COLUMBIA — Her father has long hair, doesn’t wear nice clothes and never told her what she couldn’t do.
Whenever he saw a situation he considered unjust — in a grocery store, the post office or a restaurant — he intervened. Melissa Lewis, associate professor at MU’s School of Medicine, said as a child she felt embarrassed having a parent who was “an activist in every setting.”
But then she grew up and realized he was right. “You’re supposed to to step up and take care of people,” she said.
Ronald G. Lewis, Melissa’s father, was the first Native American to earn a doctorate in social work. He was recognized as a social work pioneer by the National Association of Social Workers in 1974 and a longtime advocate on Native American issues.
As a medical researcher and scholar, Lewis is following a similar path as she advocates for a more holistic way of providing health care. For her, health isn’t just what happens at a microbiological level; it encompasses a person’s mental, physical, emotional and spiritual well-being. Native people, she said, are much more likely to see health in that way.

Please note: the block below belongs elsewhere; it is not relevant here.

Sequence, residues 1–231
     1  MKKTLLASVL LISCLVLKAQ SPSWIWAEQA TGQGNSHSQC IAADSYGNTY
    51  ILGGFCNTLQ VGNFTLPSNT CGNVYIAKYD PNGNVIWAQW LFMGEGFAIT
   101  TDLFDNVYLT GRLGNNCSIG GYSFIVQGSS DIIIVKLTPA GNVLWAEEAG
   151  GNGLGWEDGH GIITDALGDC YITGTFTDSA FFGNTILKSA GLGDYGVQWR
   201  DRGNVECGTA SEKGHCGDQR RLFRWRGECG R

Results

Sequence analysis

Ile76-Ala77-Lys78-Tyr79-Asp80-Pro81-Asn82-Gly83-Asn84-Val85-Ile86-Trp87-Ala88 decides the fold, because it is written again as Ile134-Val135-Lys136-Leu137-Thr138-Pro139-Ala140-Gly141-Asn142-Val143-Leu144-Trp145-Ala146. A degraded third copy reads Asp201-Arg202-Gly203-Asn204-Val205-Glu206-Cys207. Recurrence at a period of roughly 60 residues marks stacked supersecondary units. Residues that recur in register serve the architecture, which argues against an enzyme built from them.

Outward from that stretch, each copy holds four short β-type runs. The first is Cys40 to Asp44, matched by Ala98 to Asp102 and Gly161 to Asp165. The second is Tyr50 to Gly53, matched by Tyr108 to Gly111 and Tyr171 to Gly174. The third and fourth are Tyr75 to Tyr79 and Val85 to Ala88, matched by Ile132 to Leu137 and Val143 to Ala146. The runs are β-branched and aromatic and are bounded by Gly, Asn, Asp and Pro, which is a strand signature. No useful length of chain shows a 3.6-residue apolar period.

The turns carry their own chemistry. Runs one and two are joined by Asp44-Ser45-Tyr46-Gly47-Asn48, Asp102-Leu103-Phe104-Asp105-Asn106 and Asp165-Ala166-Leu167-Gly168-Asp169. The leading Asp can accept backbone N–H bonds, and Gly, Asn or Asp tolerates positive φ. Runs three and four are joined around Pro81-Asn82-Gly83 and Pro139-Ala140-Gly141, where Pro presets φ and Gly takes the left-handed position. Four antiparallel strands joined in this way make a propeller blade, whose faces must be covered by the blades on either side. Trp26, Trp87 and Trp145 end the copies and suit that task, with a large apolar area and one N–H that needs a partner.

Lewis came to MU from the University of Minnesota -Duluth. Being here, she said, has allowed her to be closer to her tribe in Oklahoma — the Cherokee. Her current research is based on a bike ride the tribe has been doing since 1984 called Remember the Removal. She’s evaluating the impact of the program from a physical and behavioral health perspective of those who have participated.
A deeply spiritual journey
The annual event brings together 18- to 25-year-old members of the tribe for a ride from New Echota, Georgia, to Tahlequah, Oklahoma. It follows one of the routes of the Trail of Tears which was etched painfully into memory in the summer of 1839 when an estimated 17,000 Cherokees were forced by the U.S. government and military…